In the United States, decades of dehumanizing, prohibitionist drug policy spawned an overdose crisis that now kills over 100,000 people each year. In the War on Drugs, the only “criminals” are profiteers like the Sacklers.
This family exploited existing stigma against drug users to shield themselves from scrutiny while making billions. American incarceration rates far outpace the rest of the world, with a current incarcerated population of nearly 2 million people. 1 in 5 of these people are incarcerated for drug offenses. [source]
The way out of the overdose crisis is through the decriminalization of drugs and the expansion of harm reduction-based health care and services.
In 2021, drug overdose deaths in the US hit a record high of 107,600. That’s an increase of 15 percent from the previous year, following a shocking rise of nearly 30 percent from the year before. The simultaneous COVID-19 pandemic has only further exacerbated existing hazards and barriers facing drug users.
More than 932,000 deaths since 1999 have been attributed to drug overdoses, which are now one of the leading causes of death in the U.S.
Although PAIN speaks out against the Sacklers’ predatory marketing of OxyContin, it’s vital to recognize that a vast majority of overdose deaths are a result of an unpredictable drug supply contaminated by a variety of substances, most notably, illicitly manufactured fentanyl.
Harm reduction is a public health and social justice approach that aims to reduce the negative health, social, and legal consequences of licit and illicit drug use. Harm reduction is grounded in the fact that people who use drugs deserve to be treated with dignity and respect.
Practices are focused on meeting drug users “where they’re at”, using interventions that will reflect specific needs and prioritizing positive change without judgment or coercion. Some examples include needle exchange programs, safe injection sites, drug testing programs, and naloxone to reverse overdoses.
Additionally, harm reduction is rooted in a belief that people who use drugs should have a meaningful voice in designing and implementing the policies and interventions that serve them, and as such, educates and empowers them to do so. (Learn more: National Harm Reduction Coalition)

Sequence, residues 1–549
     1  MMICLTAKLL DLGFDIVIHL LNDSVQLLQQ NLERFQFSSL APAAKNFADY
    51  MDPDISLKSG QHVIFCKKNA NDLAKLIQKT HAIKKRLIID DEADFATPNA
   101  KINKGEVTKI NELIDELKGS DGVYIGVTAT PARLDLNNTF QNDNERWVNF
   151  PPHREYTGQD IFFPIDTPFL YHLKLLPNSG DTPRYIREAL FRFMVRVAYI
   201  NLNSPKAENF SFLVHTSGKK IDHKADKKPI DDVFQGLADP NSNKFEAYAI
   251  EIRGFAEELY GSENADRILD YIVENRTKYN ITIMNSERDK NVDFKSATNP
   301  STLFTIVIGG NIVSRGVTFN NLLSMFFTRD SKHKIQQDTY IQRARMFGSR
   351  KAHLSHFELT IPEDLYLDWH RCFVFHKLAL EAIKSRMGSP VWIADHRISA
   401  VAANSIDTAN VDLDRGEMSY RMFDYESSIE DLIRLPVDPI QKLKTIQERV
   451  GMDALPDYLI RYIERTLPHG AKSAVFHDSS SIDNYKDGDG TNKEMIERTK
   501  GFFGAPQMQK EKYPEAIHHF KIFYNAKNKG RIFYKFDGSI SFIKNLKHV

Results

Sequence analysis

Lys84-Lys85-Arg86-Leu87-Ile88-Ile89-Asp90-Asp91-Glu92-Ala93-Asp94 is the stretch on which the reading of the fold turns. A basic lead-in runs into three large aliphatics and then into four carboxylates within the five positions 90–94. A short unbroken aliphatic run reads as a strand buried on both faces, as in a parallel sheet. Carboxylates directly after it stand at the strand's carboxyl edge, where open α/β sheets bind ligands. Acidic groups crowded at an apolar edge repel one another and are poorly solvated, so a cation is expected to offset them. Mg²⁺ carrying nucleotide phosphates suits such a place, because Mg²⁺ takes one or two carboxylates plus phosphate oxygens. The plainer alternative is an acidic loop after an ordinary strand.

Also known as Supervised Consumption Services, Supervised Injection Facilities, or Drug Consumption Rooms, Overdose Prevention Centers (OPCs) are places where drug users can safely consume pre-obtained drugs using sterile equipment under the supervision of trained staff. Staff do not administer drugs, but are present to ensure proper injection, answer questions, monitor for overdose, and administer first aid; as well as offer referrals to drug treatment programs and social support.
There are nearly 200 OPCs operating in 14 different countries around the world, including the first two pilot OPCs in the United States which opened in New York City in November 2021. In October 2022, Rhode Island became the first state to legalize OPCs. To this day, there has not been a single overdose at an Overdose Prevention Center. OPCs are proven to save lives, reduce drug use, and save costs related to drug overdose. OPCs play a vital role in the larger public health approach to drug policy. (Learn more: Drug Policy Alliance)
OnPoint NYC is the largest harm reduction service provider in the East Coast. In November 2021 they became the first organization in the U.S. to open two Overdose Prevention Centers, reversing 553 overdoses so far and helping New York City save an estimated $13.3 million in ambulance and ER costs. Some of their other services include no-barrier drop-in centers with snacks, showers and laundry; syringe exchange programs; safer drug use counseling; health and wellness services; outreach and public safety including syringe litter pickup; and supportive services including mental health services, benefits navigation, and advocacy. (Learn more: OnPoint NYC)
The Sackler Family fortune is one of the largest in the United States, placing 30th in Forbes’ 2020 richest families list with $11 billion. The Sacklers made their fortune in the pharmaceutical and medical advertising industries, beginning with grand patriarch Arthur Sackler’s mass marketing of the world’s first billion-dollar drug, Valium.In 1996, the Sacklers’ company, Purdue Pharma, began selling OxyContin. Thanks to an unprecedented sales force and a specific focus on increasing prescriptions, Oxy quickly became the leading opioid painkiller on the market.
Over the years, the Sackler family has made substantial philanthropic donations to art and educational institutions around the world, in an effort to distance their name from their business. In March 2022, an agreement was reached to resolve numerous lawsuits over the Sackler’s role in fueling the U.S. overdose epidemic through the deceptive marketing of OxyContin. A cash settlement of $6 billion to U.S. victims is still being negotiated.
+The Louvre Museum (July 2019)
+The Metropolitan Museum of Art (December 2021)
+The Serpentine Gallery (March 2021)
+Tate Modern (February 2022)
+The British Museum (March 2022)
+Solomon R. Guggenheim Museum (May 2022)
+The National Gallery in London (May 2022)
+Victoria and Albert Museum (October 2022)
+Dia Art Foundation
+University of Glasgow
+Jewish Museum Berlin